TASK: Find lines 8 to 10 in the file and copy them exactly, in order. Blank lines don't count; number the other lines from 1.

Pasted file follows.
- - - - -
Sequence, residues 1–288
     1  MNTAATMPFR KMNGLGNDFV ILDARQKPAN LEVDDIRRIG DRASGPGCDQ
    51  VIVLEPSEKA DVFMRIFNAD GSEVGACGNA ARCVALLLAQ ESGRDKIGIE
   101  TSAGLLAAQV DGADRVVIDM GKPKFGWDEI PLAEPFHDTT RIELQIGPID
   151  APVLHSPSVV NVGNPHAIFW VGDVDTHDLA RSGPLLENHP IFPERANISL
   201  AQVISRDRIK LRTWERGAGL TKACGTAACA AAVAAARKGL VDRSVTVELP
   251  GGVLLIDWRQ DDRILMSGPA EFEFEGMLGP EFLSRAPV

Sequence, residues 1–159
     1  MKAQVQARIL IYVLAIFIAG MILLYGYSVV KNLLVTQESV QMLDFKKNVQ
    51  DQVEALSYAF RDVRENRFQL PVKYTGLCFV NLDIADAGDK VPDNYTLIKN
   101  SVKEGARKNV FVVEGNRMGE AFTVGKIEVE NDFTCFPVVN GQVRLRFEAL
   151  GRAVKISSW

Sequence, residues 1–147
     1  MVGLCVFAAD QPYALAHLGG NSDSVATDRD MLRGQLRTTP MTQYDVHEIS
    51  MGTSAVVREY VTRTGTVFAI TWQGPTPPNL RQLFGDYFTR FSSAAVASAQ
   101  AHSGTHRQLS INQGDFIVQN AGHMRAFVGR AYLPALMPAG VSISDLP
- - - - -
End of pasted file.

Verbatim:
Sequence, residues 1–159
     1  MKAQVQARIL IYVLAIFIAG MILLYGYSVV KNLLVTQESV QMLDFKKNVQ
    51  DQVEALSYAF RDVRENRFQL PVKYTGLCFV NLDIADAGDK VPDNYTLIKN